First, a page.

Tyson Foods Inc. assembled a team, including designers once employed in the auto industry, working on a deboning system that could make more efficient and safe the procedures carried out in Tyson plants. The team is developing an automated deboning system designed to handle some of the roughly 39 million chickens slaughtered, plucked and sliced up each week in Tyson plants.

The company has invested about $500 million in technology and automation. CEO Noel White said those efforts likely would increase in the aftermath of the pandemic. It’s been chaotic for meat producers, grocery stores, and fast-food chains to keep the product in stores — with Americans having high expectations for buying meat.

On the drone side of the equation, the National Oceanic and Atmospheric Administration (NOAA) is launching a fleet of 30 gliders to study how the ocean affects hurricanes. It started in 2014 with two gliders used for tracking and measuring huge storms approaching coastal areas.

“We have gliders that have gone through two or three hurricanes already,” explained Gustavo Goni, a lead scientist at the Atlantic Oceanographic and Meteorological Laboratory in Miami, which is run by NOAA. “They are robust. They don’t even care. Some of them have even been in fights with sharks. We know this because we find sharks’ teeth in gliders when we recover them.”

The past six years has involved building up the floating, sensor-packed units. The first part was figuring out how to get them funded and set up to be sea worthy and long lasting. Then it had to train technicians on how to equip and use them.

Delivery drones have been another application for robotics, used by companies such as Workhorse Group and Amazon. Allowing human beings to go along for the rides in AVs will have to take a lot longer to work out safety, legal, and risk management issues.

Why autonomous vehicles was central theme at AltCar Expo – and why John Krafcik is leaving TrueCar for Google’s self-driving car project

John Krafcik at GoogleAutonomous vehicles was a central theme at AltCar Expo in Santa Monica, Calif., on Friday, during its 10th anniversary conference. USA Today’s Chris Woodyard moderated a panel called “Automated Vehicles, Uber Autonomous Driving Now.” The lunchtime keynote speaker was Tony Seba, a lecturer at Stanford University and author of a book on disruption in clean energy and transportation; Seba was the keynoter last year and was popular and controversial enough to be invited back. One of his revolutionary forecasts is that all new vehicle sales in U.S. will be electrified and autonomous by 2030.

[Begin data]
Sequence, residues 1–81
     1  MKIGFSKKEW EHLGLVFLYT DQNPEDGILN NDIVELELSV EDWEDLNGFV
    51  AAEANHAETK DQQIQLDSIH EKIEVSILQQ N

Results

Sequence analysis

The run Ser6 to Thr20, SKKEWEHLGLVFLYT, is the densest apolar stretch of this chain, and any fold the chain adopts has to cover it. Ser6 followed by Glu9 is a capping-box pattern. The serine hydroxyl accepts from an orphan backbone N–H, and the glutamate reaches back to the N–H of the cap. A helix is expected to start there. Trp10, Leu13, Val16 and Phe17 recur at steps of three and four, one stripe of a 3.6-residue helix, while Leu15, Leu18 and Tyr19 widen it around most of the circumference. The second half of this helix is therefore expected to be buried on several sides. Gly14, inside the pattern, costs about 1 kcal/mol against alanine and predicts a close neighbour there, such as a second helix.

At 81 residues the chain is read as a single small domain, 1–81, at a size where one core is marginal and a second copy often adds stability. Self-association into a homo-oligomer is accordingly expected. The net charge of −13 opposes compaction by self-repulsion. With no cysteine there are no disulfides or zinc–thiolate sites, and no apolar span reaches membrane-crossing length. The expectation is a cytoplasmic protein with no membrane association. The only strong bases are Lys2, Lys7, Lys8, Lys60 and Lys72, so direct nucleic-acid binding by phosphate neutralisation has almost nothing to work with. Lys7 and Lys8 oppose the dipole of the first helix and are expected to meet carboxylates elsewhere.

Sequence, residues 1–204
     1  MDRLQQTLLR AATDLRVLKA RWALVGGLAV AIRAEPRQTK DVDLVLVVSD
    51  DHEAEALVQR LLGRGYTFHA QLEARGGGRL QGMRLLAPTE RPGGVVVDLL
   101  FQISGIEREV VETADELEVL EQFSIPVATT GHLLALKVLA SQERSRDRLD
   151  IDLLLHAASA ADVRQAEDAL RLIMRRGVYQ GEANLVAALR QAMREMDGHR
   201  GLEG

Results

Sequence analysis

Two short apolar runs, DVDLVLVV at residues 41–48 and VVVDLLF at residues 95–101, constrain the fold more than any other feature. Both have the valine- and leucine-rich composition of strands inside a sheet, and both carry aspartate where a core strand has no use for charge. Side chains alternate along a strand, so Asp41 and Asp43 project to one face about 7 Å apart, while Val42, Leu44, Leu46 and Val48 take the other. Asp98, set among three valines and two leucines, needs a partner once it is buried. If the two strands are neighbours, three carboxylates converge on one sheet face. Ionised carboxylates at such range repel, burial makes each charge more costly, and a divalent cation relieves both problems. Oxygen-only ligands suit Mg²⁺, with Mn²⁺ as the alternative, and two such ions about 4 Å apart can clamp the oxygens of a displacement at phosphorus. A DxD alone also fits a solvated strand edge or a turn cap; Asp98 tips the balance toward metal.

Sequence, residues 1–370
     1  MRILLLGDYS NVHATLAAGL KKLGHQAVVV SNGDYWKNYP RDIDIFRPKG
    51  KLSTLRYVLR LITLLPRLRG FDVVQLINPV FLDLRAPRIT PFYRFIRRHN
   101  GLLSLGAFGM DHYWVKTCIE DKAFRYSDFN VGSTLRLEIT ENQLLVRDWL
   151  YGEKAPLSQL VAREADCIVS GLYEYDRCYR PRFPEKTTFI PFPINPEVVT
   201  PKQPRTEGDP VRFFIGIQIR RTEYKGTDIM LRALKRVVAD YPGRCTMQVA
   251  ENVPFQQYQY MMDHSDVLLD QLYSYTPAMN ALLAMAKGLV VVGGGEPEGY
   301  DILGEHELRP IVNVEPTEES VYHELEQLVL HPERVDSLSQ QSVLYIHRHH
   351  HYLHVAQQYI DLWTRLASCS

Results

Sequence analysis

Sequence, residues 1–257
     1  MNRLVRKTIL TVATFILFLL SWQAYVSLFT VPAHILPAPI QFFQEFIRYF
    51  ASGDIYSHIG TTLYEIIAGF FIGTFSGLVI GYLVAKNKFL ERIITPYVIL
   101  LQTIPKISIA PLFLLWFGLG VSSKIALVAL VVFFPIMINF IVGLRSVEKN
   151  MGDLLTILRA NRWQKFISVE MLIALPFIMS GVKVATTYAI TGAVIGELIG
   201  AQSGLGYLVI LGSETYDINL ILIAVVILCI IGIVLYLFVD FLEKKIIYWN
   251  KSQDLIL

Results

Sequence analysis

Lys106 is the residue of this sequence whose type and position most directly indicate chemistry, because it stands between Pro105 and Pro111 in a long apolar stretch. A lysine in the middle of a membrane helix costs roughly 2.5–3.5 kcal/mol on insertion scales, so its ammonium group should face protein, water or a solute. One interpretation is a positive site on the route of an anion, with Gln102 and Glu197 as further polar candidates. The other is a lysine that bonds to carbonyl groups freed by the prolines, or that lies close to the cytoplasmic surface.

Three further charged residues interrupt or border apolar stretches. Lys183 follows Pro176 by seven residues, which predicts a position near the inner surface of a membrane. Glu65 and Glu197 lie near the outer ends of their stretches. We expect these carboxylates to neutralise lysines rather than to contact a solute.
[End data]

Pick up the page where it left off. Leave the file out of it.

Right after Seba, an impressive group of panelists discussed deploying autonomous vehicles. The Los Angeles County Economic Development Corporation’s (LAEDC’s) e4Mobility Alliance organized the panel, “From Research to Reality: Deploying Autonomous Vehicles.” The panel was moderated by Tom Paige of Urban Systems Laboratories and also featured comments from state Senator Ben Allen, who serves on the state’s Transportation and Housing committee, and the Select Committee on Ports and Goods Movement. Speakers included Geoff Wardle, Director of Advanced Mobility Research, Art Center College of Design; Naveen Berry, Technology Demonstration Manager, South Coast Air Quality Management District; Alan Clelland, Sr. VP & General Manager at Iteris Transportation System Division; and Aravind Kaillas, ITS Research Engineer at The Volvo Group, who commented on the commercial truck side of the topic. The e4Mobility Alliance has taken quite a lot of interest in autonomous vehicles this year, including passenger vehicles, cargo transport, neighborhood electric vehicles, and targeted applications (which could be utilized at airports, universities, corporate campuses, living facilities, etc.)

Earlier that week, TrueCar President John Krafcik shocked a few people announcing his new position heading up Google Inc.’s self-driving car project. While TrueCar’s future is in question with founder Scott Painter leaving soon, why would Krafcik choose Google over another automaker? He’d been praised for leading Hyundai to record U.S. sales, and would surely be offered an executive position with an OEM or tier 1 supplier. What’s behind the Google move?